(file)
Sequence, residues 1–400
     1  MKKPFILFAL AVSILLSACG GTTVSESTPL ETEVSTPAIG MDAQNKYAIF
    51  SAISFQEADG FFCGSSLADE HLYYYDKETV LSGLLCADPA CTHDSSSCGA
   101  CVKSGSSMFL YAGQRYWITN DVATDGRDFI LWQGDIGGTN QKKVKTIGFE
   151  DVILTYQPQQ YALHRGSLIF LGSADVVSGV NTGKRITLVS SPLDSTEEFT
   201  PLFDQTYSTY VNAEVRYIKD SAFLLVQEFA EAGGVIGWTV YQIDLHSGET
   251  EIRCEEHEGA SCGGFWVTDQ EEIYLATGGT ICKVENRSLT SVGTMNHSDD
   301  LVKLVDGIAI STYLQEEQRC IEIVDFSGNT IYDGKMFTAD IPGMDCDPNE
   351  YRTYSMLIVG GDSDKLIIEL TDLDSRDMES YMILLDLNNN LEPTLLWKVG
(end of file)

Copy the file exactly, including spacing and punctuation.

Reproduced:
Sequence, residues 1–400
     1  MKKPFILFAL AVSILLSACG GTTVSESTPL ETEVSTPAIG MDAQNKYAIF
    51  SAISFQEADG FFCGSSLADE HLYYYDKETV LSGLLCADPA CTHDSSSCGA
   101  CVKSGSSMFL YAGQRYWITN DVATDGRDFI LWQGDIGGTN QKKVKTIGFE
   151  DVILTYQPQQ YALHRGSLIF LGSADVVSGV NTGKRITLVS SPLDSTEEFT
   201  PLFDQTYSTY VNAEVRYIKD SAFLLVQEFA EAGGVIGWTV YQIDLHSGET
   251  EIRCEEHEGA SCGGFWVTDQ EEIYLATGGT ICKVENRSLT SVGTMNHSDD
   301  LVKLVDGIAI STYLQEEQRC IEIVDFSGNT IYDGKMFTAD IPGMDCDPNE
   351  YRTYSMLIVG GDSDKLIIEL TDLDSRDMES YMILLDLNNN LEPTLLWKVG